North Carolina’s current program of public school student testing needs critical changes to prioritize the seemingly forgotten purpose of assessment- to give each child the right tools for learning.


Schools have long tested children to identify academic challenges, allowing appropriate interventions to be put in place.

Well-designed assessments at critical developmental stages are proven to give beneficial feedback to teachers and families.

However, the most often-used tests only measure certain skills, making them ill-suited to track the progress of children with different strengths and needs.

Further, the majority of tests don’t help teachers plan for their students. Instead, certain scores are used exclusively by education officials to rate teacher and school performance.


When funding, salary, and career advancement is tied to student test scores, it’s inevitable that many teachers and administrators turn their focus to “TEACHING THE TEST”.

Students spend weeks on end practicing THE TEST and going over tricks for taking THE TEST, leaving less time for more varied subject matter and acquiring different types of skills.

Between the various assessments conducted each quarter and the massive, multi-component beginning-of-grade (BOG) and end-of-grade (EOG) standardized tests, children are being substantially shortchanged on teaching time.



The type of “HIGH STAKES” standardized testing that’s being carried out across the nation takes an enormous psychological toll on students.

Kindergarten students immediately enter the testing pipeline in their first year of school, along with the expectation to perform. The pressure to test well year after year can cause anxiety and negative attitudes towards school.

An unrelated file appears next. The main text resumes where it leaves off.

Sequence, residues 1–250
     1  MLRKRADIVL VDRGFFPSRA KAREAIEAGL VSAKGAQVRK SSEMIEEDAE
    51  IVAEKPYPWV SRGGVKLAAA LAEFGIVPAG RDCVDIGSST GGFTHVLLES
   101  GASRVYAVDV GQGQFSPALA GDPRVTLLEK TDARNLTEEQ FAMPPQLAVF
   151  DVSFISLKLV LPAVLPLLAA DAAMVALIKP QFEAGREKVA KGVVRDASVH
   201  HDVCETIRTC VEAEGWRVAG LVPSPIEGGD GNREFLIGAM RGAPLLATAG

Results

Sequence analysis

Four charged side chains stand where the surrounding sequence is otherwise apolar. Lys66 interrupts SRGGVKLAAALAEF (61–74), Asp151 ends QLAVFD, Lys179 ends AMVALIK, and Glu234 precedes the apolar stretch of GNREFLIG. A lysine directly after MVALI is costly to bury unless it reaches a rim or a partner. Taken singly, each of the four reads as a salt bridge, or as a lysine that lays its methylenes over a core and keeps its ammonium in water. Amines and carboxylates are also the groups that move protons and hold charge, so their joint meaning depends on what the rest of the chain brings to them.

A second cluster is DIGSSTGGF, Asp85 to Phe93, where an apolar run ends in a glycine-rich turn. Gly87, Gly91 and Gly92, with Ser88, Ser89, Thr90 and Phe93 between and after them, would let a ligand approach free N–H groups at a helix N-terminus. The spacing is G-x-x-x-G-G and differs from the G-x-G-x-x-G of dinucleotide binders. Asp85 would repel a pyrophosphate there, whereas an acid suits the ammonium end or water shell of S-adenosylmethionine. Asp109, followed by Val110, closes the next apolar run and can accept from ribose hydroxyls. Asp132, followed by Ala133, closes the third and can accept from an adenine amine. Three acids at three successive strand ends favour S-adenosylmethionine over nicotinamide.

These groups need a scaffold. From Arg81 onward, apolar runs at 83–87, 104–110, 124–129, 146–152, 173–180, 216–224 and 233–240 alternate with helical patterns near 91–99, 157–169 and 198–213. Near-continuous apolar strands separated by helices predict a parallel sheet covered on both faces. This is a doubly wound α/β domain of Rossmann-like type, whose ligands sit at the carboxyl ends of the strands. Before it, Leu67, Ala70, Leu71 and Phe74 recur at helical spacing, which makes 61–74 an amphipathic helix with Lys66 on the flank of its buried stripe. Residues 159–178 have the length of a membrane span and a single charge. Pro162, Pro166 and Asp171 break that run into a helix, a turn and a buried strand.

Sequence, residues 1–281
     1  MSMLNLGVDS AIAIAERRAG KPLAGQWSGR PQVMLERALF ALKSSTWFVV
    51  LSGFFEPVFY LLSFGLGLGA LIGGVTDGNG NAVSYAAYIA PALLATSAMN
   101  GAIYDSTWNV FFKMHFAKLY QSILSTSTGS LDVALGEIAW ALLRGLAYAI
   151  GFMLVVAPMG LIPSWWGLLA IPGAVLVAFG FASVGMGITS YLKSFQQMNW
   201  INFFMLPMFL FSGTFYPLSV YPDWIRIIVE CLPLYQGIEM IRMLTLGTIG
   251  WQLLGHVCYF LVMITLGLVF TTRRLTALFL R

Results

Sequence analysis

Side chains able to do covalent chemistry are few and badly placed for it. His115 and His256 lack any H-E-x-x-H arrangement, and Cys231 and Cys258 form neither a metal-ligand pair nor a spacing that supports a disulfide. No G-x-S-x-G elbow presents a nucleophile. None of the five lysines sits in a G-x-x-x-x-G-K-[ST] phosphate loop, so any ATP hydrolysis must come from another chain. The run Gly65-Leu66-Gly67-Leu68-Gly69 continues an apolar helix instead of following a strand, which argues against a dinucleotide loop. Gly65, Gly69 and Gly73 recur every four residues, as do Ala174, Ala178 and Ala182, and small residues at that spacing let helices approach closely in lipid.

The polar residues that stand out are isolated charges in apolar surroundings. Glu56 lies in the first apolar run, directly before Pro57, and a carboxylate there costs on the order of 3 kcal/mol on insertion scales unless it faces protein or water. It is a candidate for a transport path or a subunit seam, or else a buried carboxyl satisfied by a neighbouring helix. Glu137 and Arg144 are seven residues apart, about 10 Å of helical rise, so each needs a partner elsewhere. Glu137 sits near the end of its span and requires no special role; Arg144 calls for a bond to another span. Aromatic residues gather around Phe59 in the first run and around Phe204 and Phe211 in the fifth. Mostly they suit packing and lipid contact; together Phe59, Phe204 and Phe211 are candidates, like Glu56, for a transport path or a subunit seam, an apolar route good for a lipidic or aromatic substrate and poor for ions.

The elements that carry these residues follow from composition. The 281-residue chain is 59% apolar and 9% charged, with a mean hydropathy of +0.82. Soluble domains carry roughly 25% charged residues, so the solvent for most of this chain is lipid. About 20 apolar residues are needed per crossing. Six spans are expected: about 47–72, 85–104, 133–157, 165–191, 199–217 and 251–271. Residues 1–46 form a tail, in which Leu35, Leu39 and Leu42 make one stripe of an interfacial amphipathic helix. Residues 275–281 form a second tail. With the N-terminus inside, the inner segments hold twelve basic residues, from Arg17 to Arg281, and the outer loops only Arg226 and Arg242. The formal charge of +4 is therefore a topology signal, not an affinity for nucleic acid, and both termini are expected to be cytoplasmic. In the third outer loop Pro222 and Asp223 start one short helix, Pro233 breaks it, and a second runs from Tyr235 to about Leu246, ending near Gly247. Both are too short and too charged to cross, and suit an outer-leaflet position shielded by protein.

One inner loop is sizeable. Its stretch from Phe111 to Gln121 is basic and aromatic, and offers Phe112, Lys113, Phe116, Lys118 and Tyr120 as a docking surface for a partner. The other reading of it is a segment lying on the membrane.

Standardized tests can’t account for different learners. It’s degrading and humiliating for children with certain developmental issues, or those learning the English language, to take tests they are certain to fail.


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Volunteer to proctor an exam at one of your district schools. Experience first-hand the agony of third graders struggling through four solid hours of testing with no break.”


Testing practices that reward teachers and schools DO NOT increase student achievement.*

*National Research Council 2011. Incentives and Test-Based Accountability in Education. Washington D.C.: The National Academies Press. link

CONCLUSION: “TEACHING the TEST” does not improve overall student achievement.

Why should I care?

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My kid has already graduated college and his days of filling out bubble sheets are long gone. Why is standardized testing such a big issue now?

Public school testing has far-reaching implications for all citizens of North Carolina, whether you have school-aged children or not.

  • Taxpayers spend millions of $ on testing that has minimal or no value for our children.
  • “TEACHING THE TEST” stifles teacher creativity, their ability to reach individual students, and the appeal of teaching as a profession.
  • North Carolina needs to have a competitive edge in terms of a high-quality educated workforce, making it an attractive hub for both research and commerce.

We are seeking efficient, equitable, informative, and evidence-based testing practices that will serve as appropriate benchmarks for student progress.

Through school testing reform we can:

  • invest in the most appropriate and worthwhile assessments
  • restore more instructional time to the classroom
  • ensure the future success of our citizens by providing the right educational tools for each student.


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